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Home / Education / ASER 2020: Nearly 25% students from rural Maharashtra have no access to smartphones for e- classes

ASER 2020: Nearly 25% students from rural Maharashtra have no access to smartphones for e- classes

ASER Report 2020: The data revealed that nearly 76% schools took help from their villages and community members to reach out to students during the pandemic. Nearly 64% students in government and private schools in the state said that they were given learning material and activities from their school

education Updated: Oct 29, 2020, 12:36 IST
Ankita Bhatkhande
Ankita Bhatkhande
Hindustan Times, Mumbai
Representative
Representative (Pratham Gokhale/HT Photo)

Nearly 25% students from rural Maharashtra have no access to mobile phones, the Annual Status of Education Report (ASER) 2020 by NGO Pratham revealed. Nearly 16% students reported that they could not get help in their studies from parents due to their poor educational backgrounds. The survey was conducted to assess the impact of Covid-19 and the resultant lockdown on the education of students across the country.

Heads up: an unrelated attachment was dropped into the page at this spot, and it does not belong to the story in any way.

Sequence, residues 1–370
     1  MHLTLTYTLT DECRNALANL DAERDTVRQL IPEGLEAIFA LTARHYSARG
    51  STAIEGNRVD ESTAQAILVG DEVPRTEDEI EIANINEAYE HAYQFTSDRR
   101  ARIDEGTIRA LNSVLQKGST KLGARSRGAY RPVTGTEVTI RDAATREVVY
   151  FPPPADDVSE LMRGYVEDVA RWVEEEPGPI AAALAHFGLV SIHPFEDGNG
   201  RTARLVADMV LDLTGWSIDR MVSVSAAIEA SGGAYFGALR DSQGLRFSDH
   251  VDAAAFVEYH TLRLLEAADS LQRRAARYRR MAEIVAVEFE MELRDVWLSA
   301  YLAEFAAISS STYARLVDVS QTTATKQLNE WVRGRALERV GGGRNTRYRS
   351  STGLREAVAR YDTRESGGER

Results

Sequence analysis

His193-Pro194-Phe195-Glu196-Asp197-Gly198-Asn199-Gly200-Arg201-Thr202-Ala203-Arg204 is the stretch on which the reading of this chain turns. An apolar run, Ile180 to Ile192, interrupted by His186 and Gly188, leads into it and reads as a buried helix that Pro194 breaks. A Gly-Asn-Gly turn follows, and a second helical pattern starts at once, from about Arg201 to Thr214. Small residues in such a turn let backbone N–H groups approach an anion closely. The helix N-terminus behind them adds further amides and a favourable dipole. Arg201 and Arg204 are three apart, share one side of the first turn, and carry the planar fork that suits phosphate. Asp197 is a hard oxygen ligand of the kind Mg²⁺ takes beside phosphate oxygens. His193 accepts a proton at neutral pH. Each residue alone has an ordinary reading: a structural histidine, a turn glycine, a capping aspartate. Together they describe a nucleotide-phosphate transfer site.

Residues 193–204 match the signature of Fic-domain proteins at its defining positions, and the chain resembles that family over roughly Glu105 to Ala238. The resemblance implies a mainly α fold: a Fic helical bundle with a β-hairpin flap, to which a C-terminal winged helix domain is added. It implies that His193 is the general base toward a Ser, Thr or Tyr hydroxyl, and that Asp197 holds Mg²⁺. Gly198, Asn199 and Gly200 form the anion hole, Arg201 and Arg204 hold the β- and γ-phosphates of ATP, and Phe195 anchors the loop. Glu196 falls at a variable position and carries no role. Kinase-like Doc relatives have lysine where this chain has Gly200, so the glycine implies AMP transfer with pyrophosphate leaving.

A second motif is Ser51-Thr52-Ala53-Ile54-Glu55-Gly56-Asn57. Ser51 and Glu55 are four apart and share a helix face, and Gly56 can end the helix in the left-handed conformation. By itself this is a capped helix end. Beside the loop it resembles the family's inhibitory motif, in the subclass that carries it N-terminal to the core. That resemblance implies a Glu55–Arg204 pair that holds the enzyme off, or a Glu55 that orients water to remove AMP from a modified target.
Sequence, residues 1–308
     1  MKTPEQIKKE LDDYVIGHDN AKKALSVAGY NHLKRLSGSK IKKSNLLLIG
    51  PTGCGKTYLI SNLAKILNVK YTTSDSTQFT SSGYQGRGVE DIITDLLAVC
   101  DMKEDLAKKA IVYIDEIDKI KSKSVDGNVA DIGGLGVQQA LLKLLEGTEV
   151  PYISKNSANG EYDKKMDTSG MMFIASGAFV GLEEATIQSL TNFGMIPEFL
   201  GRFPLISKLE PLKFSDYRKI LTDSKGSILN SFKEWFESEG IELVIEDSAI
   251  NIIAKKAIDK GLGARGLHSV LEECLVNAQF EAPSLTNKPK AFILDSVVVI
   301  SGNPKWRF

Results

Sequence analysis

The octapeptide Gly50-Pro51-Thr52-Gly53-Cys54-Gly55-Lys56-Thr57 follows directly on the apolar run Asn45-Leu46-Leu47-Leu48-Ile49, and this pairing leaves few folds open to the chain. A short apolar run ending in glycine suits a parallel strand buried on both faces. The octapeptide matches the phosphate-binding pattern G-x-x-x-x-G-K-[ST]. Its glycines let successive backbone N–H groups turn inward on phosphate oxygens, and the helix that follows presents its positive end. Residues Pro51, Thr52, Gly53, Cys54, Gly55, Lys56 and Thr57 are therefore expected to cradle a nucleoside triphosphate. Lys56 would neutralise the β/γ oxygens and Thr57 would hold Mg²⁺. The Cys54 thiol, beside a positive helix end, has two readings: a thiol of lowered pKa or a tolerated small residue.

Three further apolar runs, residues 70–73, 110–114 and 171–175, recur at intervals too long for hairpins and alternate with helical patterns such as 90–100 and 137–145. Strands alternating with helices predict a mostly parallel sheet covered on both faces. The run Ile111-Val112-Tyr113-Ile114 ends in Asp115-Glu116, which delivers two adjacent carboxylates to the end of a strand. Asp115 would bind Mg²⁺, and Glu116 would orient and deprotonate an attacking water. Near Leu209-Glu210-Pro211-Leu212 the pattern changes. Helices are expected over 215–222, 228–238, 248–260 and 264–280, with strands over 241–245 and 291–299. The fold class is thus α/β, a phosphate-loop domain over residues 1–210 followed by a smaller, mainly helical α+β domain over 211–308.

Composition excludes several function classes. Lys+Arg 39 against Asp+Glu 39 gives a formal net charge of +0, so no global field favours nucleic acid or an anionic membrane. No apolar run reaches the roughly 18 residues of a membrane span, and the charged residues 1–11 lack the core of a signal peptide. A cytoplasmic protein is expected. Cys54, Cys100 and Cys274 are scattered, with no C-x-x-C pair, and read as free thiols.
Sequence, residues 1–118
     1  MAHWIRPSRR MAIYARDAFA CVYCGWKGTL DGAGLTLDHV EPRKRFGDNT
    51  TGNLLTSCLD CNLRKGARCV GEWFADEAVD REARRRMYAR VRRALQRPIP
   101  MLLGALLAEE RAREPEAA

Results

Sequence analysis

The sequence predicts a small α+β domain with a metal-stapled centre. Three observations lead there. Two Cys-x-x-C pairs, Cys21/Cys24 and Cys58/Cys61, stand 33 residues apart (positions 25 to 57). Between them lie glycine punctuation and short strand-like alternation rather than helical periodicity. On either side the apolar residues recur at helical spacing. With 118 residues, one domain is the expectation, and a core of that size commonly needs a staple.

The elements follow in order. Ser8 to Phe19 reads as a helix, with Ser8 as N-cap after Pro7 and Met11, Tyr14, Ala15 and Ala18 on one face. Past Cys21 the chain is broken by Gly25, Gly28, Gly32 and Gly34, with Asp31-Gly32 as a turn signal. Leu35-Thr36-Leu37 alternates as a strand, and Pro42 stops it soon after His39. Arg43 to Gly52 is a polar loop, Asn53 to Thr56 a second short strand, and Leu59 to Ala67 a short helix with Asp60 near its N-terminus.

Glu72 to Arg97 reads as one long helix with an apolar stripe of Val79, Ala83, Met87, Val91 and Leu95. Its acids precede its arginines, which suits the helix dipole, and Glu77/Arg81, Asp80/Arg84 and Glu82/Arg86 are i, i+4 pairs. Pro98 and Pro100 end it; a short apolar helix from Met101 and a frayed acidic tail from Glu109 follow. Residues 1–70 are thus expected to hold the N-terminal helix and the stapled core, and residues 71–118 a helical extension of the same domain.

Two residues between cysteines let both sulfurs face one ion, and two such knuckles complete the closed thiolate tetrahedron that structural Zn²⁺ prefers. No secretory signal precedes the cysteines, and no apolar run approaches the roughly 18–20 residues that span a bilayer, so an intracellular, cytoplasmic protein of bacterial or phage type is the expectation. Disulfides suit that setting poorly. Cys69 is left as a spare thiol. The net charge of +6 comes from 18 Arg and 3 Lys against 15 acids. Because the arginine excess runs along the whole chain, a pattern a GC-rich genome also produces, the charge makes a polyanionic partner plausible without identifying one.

The NGO collected data from 33 districts and more than 6,800 households in the state in September 2020. Students from government and private schools in these districts were surveyed with the help of phones. As per the data, the number of enrolments in government schools in rural Maharashtra has gone up by nearly 10 percent points over the last 2 years. As opposed to 55.25% students who were enrolled in government schools in 2018, 64.4% were found to be enrolled in government schools as on 2020. At the same time, enrollments in private schools went down from 44.7% in 2018 to 35.6% this year.

Somnath Walke, teacher at the zila parishad school in Pargaon, Beed said that after Covid-19 and the resultant lockdown, enrolments in zila parishad schools are picking up. “A lot of parents who had earlier migrated to cities for work had to return back to their villages due to lack of work opportunities. Many of them enrolled their children in government schools. Similarly, some students who were travelling to private schools in nearby towns also moved to schools in their villages for safety reasons,” he added.

The data revealed that nearly 76% schools took help from their villages and community members to reach out to students during the pandemic. Nearly 64% students in government and private schools in the state said that they were given learning material and activities from their school. More than 90% students were in touch with their schools through Whatsapp. Amongst those who did not get learning resources, more than half (58%) said that the school did not send them any material. While textbooks and worksheets are the most widely used resources, only about 19% students reported attending live online classes.

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